When we were invited last summer to meet French hairstylist John Nollet in his newly opened salon at the Park Hyatt Paris-Vendôme, we expected to see a large, busy space with assistants bustling, blow-dryers whirring and scissors snipping. Instead, the concierge escorted us to Suite 101, with its nondescript door, around the corner from the elevators. It was hard not to notice that Nollet’s atelier is perfectly located for quick and discreet arrivals and departures by his French celebrity clientele, like singer Vanessa Paradis and La Vie en Rose’s Marion Cotillard. Inside, the small yet chicly decorated room with gold walls has French doors that open onto a long terrace overlooking the hotel’s garden courtyard. In 2009, the Park Hyatt hired Nollet to bring his styling services to 11 of its properties around the world. From Tokyo to Buenos Aires to London, he appeared at guests’ doors with his elaborate, custom-built Louis Vuitton trunk containing the tools of his trade to cut and color their coifs. The yearlong tour was such a success that the Park Hyatt Paris-Vendôme invited Nollet to permanently set up his Hair Room Service by John Nollet in its hotel. Guests can still arrange appointments in their rooms, but the privacy and charm of the personal service with Nollet in Suite 101 is a Parisian pas de deux worth experiencing. From $950 a session; paris.vendome.hyatt.com.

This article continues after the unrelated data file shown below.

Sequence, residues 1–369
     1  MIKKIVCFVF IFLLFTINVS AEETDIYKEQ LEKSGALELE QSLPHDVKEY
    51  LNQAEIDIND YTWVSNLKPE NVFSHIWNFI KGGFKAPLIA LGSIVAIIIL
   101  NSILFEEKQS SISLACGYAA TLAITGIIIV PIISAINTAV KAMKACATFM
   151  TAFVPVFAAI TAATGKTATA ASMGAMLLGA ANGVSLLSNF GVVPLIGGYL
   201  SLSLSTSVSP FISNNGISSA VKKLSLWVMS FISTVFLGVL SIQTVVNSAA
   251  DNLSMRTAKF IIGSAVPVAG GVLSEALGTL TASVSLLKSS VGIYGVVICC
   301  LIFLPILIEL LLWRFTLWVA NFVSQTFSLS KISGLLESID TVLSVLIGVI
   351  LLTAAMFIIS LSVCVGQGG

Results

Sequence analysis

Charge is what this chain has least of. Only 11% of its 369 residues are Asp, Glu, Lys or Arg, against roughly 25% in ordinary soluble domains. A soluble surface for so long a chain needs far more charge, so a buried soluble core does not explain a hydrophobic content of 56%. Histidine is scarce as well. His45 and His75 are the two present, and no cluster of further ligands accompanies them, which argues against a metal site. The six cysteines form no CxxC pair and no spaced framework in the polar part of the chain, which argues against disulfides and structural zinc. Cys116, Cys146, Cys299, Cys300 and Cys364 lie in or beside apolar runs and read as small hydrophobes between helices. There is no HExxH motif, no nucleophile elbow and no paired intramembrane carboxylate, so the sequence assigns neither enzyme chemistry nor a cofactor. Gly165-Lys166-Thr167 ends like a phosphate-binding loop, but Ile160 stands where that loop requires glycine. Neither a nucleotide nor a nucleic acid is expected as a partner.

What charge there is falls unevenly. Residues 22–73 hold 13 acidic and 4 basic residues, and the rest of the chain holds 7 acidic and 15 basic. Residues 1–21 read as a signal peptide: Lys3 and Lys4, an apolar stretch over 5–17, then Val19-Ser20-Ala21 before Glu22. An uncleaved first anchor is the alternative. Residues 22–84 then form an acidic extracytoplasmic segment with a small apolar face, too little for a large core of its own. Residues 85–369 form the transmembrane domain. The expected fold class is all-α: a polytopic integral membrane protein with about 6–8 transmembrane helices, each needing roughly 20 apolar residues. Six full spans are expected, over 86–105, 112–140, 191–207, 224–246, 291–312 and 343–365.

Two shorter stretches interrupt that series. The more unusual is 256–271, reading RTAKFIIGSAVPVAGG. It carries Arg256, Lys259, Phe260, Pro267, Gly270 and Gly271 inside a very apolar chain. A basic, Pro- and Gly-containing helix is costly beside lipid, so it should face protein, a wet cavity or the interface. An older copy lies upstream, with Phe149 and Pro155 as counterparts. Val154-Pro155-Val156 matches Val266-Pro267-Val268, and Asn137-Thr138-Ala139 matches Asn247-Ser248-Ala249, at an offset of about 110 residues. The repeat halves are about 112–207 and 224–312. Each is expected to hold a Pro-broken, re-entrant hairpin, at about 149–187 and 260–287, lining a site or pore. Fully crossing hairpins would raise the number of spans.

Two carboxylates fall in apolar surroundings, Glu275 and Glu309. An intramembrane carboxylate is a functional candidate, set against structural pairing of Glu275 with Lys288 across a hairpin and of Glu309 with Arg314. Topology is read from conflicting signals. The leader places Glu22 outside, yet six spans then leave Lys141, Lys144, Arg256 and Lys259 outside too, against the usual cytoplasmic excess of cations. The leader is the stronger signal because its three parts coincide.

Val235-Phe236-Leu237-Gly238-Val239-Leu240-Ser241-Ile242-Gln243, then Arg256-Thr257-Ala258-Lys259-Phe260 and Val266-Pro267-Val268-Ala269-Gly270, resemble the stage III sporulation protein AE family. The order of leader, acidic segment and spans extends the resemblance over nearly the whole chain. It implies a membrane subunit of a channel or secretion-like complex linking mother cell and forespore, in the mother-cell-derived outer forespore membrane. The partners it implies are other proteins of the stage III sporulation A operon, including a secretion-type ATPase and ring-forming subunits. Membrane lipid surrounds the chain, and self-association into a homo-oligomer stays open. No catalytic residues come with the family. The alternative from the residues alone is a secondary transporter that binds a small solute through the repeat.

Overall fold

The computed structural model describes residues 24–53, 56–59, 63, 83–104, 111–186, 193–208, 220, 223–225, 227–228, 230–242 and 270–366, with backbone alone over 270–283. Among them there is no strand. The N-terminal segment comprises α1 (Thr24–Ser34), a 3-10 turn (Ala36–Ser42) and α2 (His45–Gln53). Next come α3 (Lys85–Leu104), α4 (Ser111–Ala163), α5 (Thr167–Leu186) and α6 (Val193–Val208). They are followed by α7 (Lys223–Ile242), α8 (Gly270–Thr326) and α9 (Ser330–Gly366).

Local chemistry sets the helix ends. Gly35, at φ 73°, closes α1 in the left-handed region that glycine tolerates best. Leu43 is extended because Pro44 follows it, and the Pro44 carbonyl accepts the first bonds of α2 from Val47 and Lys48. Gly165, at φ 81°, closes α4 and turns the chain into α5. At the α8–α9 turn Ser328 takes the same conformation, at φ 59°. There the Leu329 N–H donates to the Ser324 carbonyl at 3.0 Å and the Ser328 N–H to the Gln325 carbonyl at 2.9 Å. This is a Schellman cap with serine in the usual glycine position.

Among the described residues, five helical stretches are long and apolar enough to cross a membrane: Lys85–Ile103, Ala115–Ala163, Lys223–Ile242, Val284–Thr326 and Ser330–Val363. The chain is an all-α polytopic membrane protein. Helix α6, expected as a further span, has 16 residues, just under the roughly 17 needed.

Courtesy Lineaus Athletic Company
Lineaus Hooper Lorette, 66, a gay Communist accountant, makes $425 custom medicine balls from his workshop in Marfa, Texas. Using full-grained leather from a Wisconsin tannery and the same tannage as a baseball glove, he can turn out two balls a day, filling them with soft-cotton thread. “It’s amazing how heavy a ball full of cotton can be,” says Lorette, who likes its cooperative nature. “You need someone to catch it and return it.” And as for a Communist creating a decidedly elitist medicine ball? “The proletariat is working,” says Lorette. “They don’t have to exercise.” A ten-inch medicine ball from the Lineaus Athletic Company costs $425; a 16-inch is $800; lineausathletic.com.
Courtesy John Houshmand